The growth regulator mepiquat chloride (MC) is used in cotton production across the globe to control plant growth and maximize yield and quality of cotton. With the conversion from hand picking to mechanical harvesting in China, plant densities are increased, and more compact plants are required, leading to the need to reconsider MC application schedules. Experiments were carried out in 2009 and 2010 to identify optimal use schedules of MC at four plant densities: 3.0, 4.5, 6.0 and 7.5plantsm-2. Eleven MC schedules were compared with respect to their effect on cotton yield and quality. Application of MC at squaring stage or at both squaring and flowering stages significantly improved cotton quality parameters: fiber length (by 1.7%) and fiber strength (by 2.8%) at all tested plant densities without significant loss of yields. However, average lint yield of all MC treatments over all densities and years was decreased by 4.6% due to a decrease in boll density and lint percentage which was only partly offset by an increase in boll weight. No effects on yield were also observed if MC applications were started at flowering stage, but such later starting application schedules only slightly improved fiber quality. The results suggest that use of MC at squaring or at both squaring and flowering stages is a viable strategy to improve cotton architecture, productivity and quality at high plant density in mechanized cotton production in the Yellow River cotton growing region in China. © 2013 Elsevier B.V.


Mao L.,China Agricultural University | Zhang L.,China Agricultural University | Zhang L.,Hebei Cottonseed Engineering Technology Research Center | Zhao X.,Chinese Academy of Agricultural Sciences | And 6 more authors.
Field Crops Research | Year: 2014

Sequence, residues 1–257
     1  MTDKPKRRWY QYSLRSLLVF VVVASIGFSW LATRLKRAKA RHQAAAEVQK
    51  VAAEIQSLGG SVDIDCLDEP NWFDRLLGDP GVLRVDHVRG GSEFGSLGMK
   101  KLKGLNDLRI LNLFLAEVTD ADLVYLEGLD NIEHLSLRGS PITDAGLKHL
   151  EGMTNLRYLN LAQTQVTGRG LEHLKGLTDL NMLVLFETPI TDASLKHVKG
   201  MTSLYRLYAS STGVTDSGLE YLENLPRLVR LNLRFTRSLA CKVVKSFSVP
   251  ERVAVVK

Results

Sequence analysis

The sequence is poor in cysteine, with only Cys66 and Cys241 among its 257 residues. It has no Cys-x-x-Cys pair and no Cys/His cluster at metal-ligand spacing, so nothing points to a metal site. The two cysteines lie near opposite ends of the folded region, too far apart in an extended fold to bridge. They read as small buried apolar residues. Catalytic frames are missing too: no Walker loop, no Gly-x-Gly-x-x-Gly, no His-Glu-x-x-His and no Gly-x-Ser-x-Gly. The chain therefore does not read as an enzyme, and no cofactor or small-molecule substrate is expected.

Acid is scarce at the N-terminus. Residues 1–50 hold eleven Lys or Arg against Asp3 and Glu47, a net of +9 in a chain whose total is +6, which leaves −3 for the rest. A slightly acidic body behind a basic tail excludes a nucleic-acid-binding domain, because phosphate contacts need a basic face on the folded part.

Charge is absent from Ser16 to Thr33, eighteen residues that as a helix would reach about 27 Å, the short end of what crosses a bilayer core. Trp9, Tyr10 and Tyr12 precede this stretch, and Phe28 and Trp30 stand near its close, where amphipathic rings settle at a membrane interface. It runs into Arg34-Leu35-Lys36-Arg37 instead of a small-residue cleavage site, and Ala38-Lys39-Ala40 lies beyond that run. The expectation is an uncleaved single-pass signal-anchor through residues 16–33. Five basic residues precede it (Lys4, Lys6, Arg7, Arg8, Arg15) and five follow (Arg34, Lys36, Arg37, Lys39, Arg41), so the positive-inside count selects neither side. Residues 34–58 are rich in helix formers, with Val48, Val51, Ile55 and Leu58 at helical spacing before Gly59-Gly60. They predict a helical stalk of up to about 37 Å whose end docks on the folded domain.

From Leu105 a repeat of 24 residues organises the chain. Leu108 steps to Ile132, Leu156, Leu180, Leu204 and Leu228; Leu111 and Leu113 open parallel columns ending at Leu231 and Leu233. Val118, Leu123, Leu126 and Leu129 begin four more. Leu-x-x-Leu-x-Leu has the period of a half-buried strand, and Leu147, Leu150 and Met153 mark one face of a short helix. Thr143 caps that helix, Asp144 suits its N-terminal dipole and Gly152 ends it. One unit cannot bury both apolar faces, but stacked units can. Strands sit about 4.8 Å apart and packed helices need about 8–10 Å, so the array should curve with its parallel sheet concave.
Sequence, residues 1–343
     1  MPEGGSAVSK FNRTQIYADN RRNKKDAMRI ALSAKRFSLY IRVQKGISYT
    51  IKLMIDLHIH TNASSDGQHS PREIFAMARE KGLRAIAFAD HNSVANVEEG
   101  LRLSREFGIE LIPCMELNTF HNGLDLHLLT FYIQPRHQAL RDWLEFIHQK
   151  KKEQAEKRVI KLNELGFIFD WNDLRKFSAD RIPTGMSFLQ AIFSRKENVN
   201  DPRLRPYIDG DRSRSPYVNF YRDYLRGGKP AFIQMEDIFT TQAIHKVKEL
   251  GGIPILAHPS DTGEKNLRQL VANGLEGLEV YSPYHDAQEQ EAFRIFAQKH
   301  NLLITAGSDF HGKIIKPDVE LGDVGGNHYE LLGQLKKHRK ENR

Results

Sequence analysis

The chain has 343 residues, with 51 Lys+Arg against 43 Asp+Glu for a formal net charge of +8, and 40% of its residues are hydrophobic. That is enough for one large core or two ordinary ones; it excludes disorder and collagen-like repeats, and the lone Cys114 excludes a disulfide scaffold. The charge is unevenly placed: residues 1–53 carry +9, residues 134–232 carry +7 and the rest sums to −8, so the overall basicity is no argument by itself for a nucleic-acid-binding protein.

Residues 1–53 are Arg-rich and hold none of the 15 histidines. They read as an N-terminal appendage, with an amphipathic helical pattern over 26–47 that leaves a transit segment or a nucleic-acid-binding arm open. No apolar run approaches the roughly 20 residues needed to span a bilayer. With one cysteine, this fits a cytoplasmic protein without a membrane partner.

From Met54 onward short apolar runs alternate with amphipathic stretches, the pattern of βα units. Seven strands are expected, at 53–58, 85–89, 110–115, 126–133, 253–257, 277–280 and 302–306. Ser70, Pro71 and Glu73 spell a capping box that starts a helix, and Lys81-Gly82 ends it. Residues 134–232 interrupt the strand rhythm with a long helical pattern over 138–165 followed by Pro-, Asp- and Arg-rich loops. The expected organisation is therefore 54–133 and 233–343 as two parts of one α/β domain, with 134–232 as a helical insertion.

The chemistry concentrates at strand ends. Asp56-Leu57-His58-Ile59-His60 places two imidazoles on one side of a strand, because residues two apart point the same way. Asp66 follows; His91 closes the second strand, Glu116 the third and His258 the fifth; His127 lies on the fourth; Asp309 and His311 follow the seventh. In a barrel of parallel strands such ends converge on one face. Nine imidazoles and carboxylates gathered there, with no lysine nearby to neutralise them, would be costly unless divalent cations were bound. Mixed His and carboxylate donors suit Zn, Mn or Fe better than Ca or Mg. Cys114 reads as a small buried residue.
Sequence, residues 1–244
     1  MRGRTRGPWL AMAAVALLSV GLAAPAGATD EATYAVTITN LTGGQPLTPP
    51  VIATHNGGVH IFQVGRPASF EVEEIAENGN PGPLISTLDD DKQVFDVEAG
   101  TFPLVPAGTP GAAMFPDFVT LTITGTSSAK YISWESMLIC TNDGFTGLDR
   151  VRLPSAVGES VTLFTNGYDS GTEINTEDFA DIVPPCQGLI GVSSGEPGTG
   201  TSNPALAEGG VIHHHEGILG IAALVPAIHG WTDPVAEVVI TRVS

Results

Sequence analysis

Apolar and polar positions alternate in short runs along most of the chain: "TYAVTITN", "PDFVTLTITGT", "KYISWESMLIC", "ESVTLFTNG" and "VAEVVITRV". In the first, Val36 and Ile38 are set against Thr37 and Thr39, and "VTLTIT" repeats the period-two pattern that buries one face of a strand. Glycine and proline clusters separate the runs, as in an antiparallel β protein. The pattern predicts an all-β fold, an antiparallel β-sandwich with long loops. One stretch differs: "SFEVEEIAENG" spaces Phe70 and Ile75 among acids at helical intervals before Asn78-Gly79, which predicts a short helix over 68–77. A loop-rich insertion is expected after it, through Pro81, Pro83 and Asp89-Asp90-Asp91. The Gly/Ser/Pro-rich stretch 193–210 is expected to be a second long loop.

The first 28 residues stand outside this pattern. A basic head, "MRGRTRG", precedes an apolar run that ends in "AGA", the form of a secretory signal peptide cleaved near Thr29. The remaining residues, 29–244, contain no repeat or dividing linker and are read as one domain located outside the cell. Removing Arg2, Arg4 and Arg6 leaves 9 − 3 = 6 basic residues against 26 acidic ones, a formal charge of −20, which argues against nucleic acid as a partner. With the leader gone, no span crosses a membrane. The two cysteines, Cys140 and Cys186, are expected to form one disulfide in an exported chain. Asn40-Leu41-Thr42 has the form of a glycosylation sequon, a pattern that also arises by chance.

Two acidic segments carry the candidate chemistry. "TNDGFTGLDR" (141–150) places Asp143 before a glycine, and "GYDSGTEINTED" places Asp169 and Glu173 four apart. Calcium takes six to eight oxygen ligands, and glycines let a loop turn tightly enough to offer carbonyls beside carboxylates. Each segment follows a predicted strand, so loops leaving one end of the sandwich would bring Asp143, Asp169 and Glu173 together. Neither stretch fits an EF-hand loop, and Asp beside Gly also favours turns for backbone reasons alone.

Modern cotton cultivation requires high plant densities and compact plants. Here we study planting density and growth regulator effects on plant structure and production of cotton when the cotton is grown in a relay intercrop with wheat, a cultivation system that is widespread in China. Field experiments were carried out in 2010, 2011 and 2012 in Anyang, Henan province, China. Plant densities (PD) were 3.0, 4.5, 6.0 and 7.5plantsm-2, and growth regulator mepiquat chloride (MC) was applied in four different schedules. Plant density significantly affected cotton biomass, but MC did not. Aboveground biomass was linearly associated with plant density. Increasing plant density significantly increased crop light use efficiency, especially during the reproductive phase. This effect was attributed to a better light distribution in the canopy, resulting in higher crop photosynthesis. MC increased the partitioning to leaves, expressed as leaf/shoot ratio. Plant height and length of fruit branches were significantly reduced by MC, resulting in a more compact canopy. Maximum leaf area index was slightly lowered at higher MC dose, but MC did not significantly affect light interception. Plant density and MC showed a significant interaction effect on crop height, but not on leaf growth, biomass or lint yield. At high plant densities, 3-4 consecutive applications of MC improved plant architecture, resulting in a higher LUE and yield. Lint yields were about 10% higher with MC applied at a high cumulative dose with high plant densities compared to MC free control. © 2013 Elsevier B.V.